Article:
1. Bills defense came to play
Against an offense that had been running roughshod over the rest of the league, Buffalo's defense was instrumental in keeping the Bills in the game against the Ravens on Sunday.
Baltimore's offense averages 420 yards per game with 208 on the ground and 212 through the air. Buffalo held them to just 257 total net yards in the seven-point loss.
"I think they had 90-something yards in the first half," said head coach Sean McDermott of the Ravens offense. "Second half Hayden Hurst came up with a big play. We busted and had a lack of execution there. But overall I thought our defense did a phenomenal job."
A big reason why the Bills defense held Baltimore down was their ability to get off the field on third down. The Ravens offense had the lowest three-and-out percentage in the league entering Sunday's game at just 10.7 percent.
Not counting the kneel down possessions at the half and end of the game, Buffalo's defense sent the Ravens three-and-out on five of their other 12 possessions (41.6%).
"Tip our hats to our coaching staff, they did a fantastic job of getting us ready, making sure that everybody understood their jobs and what they needed to do," said Jerry Hughes, who had a sack and a pair of quarterback hits. "That helps us to go out there and play fast."
In fact, the Ravens were just 3-11 on third down conversions, for their lowest success rate of the season (27%). Baltimore came to Buffalo averaging just two punts per game. On Sunday they punted seven times.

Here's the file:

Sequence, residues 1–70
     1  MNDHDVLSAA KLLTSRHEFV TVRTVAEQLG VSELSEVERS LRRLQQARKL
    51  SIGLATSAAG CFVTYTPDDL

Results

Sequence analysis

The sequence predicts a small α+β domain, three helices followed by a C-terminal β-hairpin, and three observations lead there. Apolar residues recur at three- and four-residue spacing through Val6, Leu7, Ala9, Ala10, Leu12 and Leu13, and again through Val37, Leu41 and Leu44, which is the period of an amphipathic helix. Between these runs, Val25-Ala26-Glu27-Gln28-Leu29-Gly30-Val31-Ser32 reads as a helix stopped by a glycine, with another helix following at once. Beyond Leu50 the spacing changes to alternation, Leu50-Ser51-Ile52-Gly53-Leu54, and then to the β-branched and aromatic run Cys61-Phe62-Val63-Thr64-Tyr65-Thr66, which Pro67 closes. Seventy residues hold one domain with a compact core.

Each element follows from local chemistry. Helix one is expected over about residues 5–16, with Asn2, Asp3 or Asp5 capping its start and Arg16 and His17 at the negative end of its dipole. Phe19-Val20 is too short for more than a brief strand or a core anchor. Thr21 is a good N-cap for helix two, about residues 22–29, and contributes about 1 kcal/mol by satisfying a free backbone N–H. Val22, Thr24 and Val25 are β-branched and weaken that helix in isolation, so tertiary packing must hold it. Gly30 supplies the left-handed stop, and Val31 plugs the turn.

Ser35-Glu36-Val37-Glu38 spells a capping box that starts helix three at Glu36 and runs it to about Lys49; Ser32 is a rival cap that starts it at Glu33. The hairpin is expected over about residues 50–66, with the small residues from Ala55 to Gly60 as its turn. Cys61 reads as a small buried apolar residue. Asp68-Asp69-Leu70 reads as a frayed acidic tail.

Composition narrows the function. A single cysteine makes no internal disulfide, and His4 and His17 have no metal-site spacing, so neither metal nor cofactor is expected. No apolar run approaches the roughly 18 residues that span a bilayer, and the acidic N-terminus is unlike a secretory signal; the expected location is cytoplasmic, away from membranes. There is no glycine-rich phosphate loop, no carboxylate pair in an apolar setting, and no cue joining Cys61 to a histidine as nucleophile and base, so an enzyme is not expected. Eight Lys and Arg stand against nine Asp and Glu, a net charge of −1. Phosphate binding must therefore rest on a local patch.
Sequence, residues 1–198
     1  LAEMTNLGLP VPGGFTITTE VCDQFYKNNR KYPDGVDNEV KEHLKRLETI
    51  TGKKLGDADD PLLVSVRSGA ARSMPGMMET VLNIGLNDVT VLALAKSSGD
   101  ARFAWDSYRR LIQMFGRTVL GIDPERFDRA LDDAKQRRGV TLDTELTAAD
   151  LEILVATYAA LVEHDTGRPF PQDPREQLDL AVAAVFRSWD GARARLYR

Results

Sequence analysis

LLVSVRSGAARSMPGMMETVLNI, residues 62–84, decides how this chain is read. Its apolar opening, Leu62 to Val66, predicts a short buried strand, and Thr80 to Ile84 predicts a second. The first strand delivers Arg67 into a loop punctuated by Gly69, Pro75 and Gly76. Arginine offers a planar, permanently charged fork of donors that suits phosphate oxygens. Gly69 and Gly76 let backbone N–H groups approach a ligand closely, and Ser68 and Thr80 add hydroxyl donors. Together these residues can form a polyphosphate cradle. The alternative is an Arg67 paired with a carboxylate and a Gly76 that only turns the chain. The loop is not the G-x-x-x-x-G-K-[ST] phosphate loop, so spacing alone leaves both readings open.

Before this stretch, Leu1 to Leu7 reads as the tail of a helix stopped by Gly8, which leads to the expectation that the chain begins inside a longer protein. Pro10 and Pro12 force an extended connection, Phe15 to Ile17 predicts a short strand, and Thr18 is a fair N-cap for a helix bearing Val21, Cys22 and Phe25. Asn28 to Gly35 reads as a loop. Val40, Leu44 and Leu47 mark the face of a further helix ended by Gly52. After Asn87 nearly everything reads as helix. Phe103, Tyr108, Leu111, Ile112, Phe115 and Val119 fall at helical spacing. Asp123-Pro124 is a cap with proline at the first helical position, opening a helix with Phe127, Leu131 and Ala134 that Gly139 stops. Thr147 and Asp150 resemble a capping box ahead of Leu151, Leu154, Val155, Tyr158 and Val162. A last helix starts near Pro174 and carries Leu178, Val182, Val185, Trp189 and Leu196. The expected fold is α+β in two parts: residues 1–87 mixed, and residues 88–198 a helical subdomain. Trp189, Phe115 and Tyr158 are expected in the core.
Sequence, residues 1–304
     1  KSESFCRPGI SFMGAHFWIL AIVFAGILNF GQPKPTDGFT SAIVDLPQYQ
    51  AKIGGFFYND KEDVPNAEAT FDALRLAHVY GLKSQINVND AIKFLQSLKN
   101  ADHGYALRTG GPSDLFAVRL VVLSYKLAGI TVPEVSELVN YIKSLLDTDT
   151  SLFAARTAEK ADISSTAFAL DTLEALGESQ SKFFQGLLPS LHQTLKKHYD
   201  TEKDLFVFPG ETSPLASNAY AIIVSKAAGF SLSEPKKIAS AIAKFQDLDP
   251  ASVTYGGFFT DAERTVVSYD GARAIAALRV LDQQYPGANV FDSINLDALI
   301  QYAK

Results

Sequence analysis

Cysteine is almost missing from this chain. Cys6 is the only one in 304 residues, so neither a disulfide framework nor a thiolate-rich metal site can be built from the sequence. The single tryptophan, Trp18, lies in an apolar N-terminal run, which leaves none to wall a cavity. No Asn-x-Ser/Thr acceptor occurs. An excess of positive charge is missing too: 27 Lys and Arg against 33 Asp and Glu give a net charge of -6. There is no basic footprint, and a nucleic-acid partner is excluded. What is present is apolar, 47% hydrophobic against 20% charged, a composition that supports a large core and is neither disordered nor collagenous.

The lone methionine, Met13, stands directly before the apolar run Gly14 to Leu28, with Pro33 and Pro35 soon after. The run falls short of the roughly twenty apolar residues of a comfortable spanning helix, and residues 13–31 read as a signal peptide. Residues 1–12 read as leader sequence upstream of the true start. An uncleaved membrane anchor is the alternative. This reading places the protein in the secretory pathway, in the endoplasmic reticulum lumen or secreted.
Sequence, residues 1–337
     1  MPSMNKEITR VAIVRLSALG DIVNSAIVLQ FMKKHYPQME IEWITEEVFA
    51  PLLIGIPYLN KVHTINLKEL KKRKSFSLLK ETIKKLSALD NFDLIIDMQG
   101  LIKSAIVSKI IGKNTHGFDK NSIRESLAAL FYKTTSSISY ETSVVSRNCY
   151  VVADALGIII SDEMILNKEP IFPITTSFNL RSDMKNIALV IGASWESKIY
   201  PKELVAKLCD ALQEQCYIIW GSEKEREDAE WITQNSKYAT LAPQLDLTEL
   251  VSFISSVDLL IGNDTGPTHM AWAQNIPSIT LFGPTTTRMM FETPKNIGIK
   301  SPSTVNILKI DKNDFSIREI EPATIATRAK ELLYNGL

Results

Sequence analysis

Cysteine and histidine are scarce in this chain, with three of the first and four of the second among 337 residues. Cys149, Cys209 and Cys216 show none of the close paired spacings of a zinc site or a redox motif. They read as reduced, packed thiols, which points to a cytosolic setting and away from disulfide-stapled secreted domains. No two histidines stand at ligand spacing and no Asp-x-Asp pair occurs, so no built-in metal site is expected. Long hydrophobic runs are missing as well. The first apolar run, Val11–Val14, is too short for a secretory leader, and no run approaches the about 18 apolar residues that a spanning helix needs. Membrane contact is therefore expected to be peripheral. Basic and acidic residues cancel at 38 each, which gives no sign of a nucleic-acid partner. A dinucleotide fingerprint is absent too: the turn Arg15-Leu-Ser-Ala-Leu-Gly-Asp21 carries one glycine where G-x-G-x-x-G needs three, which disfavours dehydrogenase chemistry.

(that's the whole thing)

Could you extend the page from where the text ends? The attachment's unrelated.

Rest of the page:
"We held our own," said Micah Hyde. "We did a pretty good job, got a takeaway, got some three and outs, and at the end of the game we gave ourselves a chance to win."
The defensive front did an admirable job slowing down the Ravens vaunted rushing attack, holding them to just 118 yards rushing on the day, also a season low, and a yards per carry average of 3.6, which is two full yards below their season average.
Perhaps most impressive was the way they were able to keep Lamar Jackson under wraps, holding him to his lowest rushing total this season in games in which he had at least five rushes. Jackson had just 40 yards rushing on 11 carries.
"I thought we did a pretty good job of cage rushing him and keeping him in the pocket," said Lorenzo Alexander. "Obviously he made some good throws but overall I thought we did a good job as far as handling what they do and not getting flustered at all."
"Obviously we didn't get the result we were looking for," said McDermott. "Hard fought game both sides. That's a good football team. Give them credit. We've got to learn from some things that happened today to ultimately make us a better and stronger football team going forward."
2. Devin Singletary provided a spark
Buffalo's offense was stuck in neutral early in the game. Coach McDermott pointed specifically to a lack of execution in the fundamentals of passing and catching. After going three-and-out on their first two possessions, Buffalo went four-and-out and then three-and-out on a lost fumble by Josh Allen.
The offense finally found a rhythm in the second quarter when they decided to ride Devin Singletary.